Hokianga Toastmasters members have become Guinness world champions after their efforts in a mammoth speech competition in Auckland.
The group received a certificate acknowledging their support in the Toastmasters District 112 New Zealand Guinness World Record Speech Marathon challenge held at the Waipuna Hotel and Conference Centre from April 21 to 26.
Hokianga club members Graeme Kettle, Emily Glew, Troy Smith, John O'Connell, Shaun Reilly and Brad Hedger took part in the event which saw a new world record for the longest marathon speech set at 127 hours, 31 minutes and 43 seconds.
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171 toastmasters from 71 clubs – including 67 from the north island, two from the south island, one from Australia and one from India – attended the "Run the Red" event.
Each spoke for more than five minutes, with most speaking for more than 10 minutes and some for over an hour.
Club member Graeme Kettle said the small club was pivotal in the success of the event.
"There were some really good quality speeches. It's a small club in the Hokianga but we punch above our weight."
The attending members also spent time supporting the event as part of the required audience, particularly over the night sessions.
The group now meet at the old dairy factory in Kaikohe on the last Wednesday of the month at 5.30pm.
The Waipapa and Districts Lions club is encouraging the community to get on board a free men's health night at the Turner Centre on October 22.
The main presentation is being made by Kerikeri GP Dr Chris Reid, who is also a faculty member of PreKure, an institution set up to help prevent illness, rather than cure it.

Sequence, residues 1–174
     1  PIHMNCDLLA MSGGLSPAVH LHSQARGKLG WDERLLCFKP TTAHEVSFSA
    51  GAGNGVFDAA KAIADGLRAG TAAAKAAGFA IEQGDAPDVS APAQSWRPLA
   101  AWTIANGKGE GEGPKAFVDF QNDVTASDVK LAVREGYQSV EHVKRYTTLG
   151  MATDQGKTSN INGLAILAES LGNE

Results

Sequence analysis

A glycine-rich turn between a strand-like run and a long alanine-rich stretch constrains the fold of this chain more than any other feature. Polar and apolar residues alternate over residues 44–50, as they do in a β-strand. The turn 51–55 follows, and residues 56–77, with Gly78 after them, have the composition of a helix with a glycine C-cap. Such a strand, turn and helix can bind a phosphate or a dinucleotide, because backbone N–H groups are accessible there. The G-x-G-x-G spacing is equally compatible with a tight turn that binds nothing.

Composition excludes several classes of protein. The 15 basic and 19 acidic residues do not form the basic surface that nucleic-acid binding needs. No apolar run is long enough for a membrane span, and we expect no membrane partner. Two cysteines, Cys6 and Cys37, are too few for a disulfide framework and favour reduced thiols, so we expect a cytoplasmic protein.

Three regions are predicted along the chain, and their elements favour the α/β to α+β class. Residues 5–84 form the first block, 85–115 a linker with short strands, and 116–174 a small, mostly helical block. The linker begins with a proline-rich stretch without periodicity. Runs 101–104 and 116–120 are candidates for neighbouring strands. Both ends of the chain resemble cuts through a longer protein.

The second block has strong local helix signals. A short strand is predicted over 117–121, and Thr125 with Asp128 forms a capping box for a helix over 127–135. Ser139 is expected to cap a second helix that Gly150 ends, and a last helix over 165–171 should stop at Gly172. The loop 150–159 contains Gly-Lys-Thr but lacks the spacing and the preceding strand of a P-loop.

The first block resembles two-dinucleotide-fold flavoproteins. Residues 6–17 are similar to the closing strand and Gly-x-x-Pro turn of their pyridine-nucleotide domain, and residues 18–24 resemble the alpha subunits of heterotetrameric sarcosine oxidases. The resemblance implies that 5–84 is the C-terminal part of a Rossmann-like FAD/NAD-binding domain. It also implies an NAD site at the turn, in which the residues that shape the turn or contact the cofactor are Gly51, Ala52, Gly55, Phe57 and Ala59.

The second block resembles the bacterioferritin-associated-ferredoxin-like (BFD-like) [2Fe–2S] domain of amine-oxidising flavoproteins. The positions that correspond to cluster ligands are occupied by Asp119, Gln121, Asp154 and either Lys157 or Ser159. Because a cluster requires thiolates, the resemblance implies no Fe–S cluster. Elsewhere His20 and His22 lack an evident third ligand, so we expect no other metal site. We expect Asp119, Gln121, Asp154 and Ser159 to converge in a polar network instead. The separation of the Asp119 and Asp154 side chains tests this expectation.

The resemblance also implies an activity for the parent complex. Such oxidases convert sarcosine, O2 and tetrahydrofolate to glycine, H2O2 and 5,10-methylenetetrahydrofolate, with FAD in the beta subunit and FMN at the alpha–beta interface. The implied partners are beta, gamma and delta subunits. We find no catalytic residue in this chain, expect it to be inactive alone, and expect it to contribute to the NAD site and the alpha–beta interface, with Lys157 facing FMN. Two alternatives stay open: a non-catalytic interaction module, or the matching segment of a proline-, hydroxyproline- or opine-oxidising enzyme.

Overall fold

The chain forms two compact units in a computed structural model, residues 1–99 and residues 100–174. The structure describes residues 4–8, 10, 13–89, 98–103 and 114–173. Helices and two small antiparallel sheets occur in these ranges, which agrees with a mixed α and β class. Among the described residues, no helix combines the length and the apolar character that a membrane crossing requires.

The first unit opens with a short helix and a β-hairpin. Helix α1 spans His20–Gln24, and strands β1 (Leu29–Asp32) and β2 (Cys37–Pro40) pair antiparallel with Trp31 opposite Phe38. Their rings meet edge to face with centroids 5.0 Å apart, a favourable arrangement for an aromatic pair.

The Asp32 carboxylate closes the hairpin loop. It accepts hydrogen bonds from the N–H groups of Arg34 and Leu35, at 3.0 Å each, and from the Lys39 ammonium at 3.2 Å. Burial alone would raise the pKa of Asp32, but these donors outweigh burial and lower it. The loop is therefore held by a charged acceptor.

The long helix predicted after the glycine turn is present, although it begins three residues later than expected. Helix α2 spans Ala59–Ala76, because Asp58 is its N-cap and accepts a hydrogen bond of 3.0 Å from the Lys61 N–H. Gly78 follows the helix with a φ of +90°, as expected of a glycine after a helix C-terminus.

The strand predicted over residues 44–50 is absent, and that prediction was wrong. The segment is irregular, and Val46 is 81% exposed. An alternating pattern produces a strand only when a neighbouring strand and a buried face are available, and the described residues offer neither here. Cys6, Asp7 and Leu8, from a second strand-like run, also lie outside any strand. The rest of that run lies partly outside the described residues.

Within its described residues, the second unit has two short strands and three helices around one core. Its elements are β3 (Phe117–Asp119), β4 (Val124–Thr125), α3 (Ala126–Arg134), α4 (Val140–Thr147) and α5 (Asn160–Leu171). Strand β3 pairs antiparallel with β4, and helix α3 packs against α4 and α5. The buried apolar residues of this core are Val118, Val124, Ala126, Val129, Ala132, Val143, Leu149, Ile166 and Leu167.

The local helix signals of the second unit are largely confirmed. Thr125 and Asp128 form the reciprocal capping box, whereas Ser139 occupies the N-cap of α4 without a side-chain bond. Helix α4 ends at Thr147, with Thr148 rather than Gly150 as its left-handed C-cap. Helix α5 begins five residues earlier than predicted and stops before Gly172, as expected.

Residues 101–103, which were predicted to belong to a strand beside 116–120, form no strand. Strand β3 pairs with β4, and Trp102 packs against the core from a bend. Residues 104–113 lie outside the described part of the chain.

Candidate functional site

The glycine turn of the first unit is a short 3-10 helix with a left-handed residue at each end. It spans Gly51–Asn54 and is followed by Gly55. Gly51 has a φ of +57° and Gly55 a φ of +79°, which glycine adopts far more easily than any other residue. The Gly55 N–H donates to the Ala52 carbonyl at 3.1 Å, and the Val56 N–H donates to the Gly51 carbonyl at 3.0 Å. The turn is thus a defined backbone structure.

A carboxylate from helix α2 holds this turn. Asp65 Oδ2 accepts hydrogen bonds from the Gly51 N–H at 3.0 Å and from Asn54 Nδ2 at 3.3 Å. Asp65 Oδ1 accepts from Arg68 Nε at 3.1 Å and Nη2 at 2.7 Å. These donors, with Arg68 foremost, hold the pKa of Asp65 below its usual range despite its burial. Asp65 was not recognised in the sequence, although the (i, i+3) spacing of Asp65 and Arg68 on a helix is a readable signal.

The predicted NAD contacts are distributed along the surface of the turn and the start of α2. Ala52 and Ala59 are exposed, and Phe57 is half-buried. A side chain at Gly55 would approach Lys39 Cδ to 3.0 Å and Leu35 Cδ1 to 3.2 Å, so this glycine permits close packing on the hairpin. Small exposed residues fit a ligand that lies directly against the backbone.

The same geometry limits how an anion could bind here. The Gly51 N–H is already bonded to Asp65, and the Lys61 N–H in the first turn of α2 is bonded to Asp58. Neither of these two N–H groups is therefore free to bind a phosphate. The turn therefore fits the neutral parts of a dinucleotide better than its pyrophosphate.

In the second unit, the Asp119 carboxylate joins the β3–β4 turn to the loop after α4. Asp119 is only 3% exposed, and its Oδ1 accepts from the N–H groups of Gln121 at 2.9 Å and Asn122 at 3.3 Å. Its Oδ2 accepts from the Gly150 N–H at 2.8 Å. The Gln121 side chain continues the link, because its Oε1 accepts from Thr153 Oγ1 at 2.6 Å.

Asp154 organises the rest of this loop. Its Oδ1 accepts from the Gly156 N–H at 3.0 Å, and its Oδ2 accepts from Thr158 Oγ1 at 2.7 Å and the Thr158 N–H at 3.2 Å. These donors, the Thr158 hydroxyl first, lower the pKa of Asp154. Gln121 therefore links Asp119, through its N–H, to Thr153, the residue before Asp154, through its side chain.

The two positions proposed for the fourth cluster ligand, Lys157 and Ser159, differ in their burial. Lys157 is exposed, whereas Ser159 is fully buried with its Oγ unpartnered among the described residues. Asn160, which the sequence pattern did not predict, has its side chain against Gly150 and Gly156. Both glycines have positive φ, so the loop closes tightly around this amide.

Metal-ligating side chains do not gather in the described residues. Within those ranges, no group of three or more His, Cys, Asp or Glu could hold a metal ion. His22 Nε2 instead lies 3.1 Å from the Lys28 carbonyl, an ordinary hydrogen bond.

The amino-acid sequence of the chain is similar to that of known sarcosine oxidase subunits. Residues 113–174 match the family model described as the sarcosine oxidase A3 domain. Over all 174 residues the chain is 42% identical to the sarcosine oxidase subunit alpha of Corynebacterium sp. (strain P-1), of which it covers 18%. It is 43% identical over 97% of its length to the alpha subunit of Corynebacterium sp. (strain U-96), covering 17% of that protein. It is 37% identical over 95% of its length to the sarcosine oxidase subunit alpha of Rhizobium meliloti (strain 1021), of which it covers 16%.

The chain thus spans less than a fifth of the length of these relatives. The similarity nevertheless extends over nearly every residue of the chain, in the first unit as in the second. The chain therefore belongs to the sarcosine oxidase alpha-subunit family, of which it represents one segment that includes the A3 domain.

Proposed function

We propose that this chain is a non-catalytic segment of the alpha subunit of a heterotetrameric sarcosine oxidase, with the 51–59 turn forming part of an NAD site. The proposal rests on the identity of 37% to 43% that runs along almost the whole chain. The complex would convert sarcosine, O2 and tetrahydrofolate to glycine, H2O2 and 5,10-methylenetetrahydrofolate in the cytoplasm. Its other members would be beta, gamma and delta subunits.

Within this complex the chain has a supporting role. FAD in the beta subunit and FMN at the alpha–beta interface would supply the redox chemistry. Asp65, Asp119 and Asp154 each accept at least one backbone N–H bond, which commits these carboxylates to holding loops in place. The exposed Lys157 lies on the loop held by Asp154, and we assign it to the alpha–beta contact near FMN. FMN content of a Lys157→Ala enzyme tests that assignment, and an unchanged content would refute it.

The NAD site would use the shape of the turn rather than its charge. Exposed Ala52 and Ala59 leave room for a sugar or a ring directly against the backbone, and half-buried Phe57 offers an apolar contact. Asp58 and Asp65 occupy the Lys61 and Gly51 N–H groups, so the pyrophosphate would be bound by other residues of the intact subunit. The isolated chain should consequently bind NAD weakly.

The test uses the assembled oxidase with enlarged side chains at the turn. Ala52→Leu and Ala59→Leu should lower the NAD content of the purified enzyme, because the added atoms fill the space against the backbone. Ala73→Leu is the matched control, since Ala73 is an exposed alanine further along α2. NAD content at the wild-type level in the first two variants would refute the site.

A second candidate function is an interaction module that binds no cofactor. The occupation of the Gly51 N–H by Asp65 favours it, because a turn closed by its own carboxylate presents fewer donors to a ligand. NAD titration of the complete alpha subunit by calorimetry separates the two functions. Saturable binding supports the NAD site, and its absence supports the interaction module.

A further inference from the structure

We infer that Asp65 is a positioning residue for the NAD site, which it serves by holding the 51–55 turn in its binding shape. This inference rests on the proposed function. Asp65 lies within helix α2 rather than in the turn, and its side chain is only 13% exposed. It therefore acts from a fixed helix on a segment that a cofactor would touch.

There will be a panel of health experts at the event, including a pharmacist, diabetic nurse, leisure company and fitness trainer.
Reid said Kiwi blokes have a reputation for thinking that medical conditions will always "be alright".
"Yet we are losing men of all ages to preventable diseases and New Zealand has some of the highest rates of skin cancer, bowel cancer, diabetes and prostate cancer," he said.
"Discussing medical issues is not something to be embarrassed about and it is so vital to monitor your own health signs, simple changes in lifestyle can improve health almost immediately and many painful, serious and even life-threatening conditions can be avoided by regular check-ups."
There will then be a question and answer session after the talk, along with a free raffle and free food, tea and coffee.
The event starts at 6pm.
Get inspired by creative floral art at this year's Northland Area Floral Art Designer of the Year competition.
The competition, held at the Turner Centre in Kerikeri on October 18 is between Kerikeri, Whangarei, Doubtless Bay and Kaitaia floral art clubs.
Designs will be judged to find the Northland designer of the year and the public can view the arrangements from 10am to 4pm for a $5 admission fee.
There will also be a floral art demonstration by Francine Thomas, an expert in floristry and floral art, from 11am to 1pm costing $15.
Thomas has presented many workshops and large floral theatres in New Zealand and overseas. In 2016 she won the New Zealand Floral Art Designer and National Demonstrator at the World Association of Floral Artists show in Dublin and in 2018 won the Australia Floral Art Designer competition.
Visit www.turnercentre.co.nz for more information.
Tai Tokerau Community Time Bank is holding its first garden working bee on October 13.
The event is a chance to share experiences and stories over a pot-luck lunch at midday and find out how the timebank can benefit the community.